Ann Hsing of the US National Cancer Institute and her colleagues interviewed 238 men with prostate cancer and 471 men without it about what they ate. Men who ate more than lOg a day of onions, garlic, chives or scallions were much less likely to be in the cancer group, Hsing reported in the Journal of the National Cancer Insti- tute. This adds to research showing the right diet can reduce the risk of cancer, said the American Institute for Cancer Research, which investi- gates links between cancer and diet. "Several case-control studies [in which the diets of cancer patients were compared to the diets of healthy individuals] have linked allium vegetables to lower risk for cancer of the stomach, colon, oesophagus, breast and endo- metriium {lining of the uterus}," the group said. Bad news for prostate cancer patients is that a team at the University of Rochester, New York, has found some drugs used to treat prostate cancer can in fact cause it to grow. "It's a real surprise that the same compound that kills cancer cells also makes them grow," said Chawn- shang Chang, who led the study. 'The effect of the drug reverses com- pletely." His team studied a drug called flutamide, made by Scheming, but he said other similar drugs were likely to have a similar effect. A treatment for prostate cancer is castration, using drugs or surgery to cut off testosterone. The hormone fuels the growth of prostate cancer cells in many cases. But for reasons that doctors have not understood, after one or two years the cancer cells often start growing again. "In all of the more than 30,000 [US] men who die of prostate eancer each year, the cancer cells have become capable of growing even when we starve the cells of testoster- one," said Dr Edward Messing, a urology professor at Rochester. Yi-Fen, who worked on the study, said the findings did not mean prostate cancer patients should avoid flutamide or similar drugs. "These drugs are necessary for patients who otherwise have few options. Perhaps these findings will help lead to a new drag target so men with this disease can be treated more effectively." - REUTERS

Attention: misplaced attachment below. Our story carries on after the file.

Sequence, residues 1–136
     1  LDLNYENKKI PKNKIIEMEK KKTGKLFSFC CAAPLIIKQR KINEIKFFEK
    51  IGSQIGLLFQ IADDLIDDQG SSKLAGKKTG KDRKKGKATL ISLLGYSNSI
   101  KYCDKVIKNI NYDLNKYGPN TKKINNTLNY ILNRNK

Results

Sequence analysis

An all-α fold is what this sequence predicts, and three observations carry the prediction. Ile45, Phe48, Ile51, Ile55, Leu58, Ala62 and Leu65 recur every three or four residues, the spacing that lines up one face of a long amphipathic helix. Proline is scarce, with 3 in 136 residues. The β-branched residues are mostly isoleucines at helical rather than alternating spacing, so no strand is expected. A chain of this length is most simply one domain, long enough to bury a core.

Attempt to make new life form

WASHINGTON - Scientists mtend to armounce today that they t to create a new form from a laboratory dish.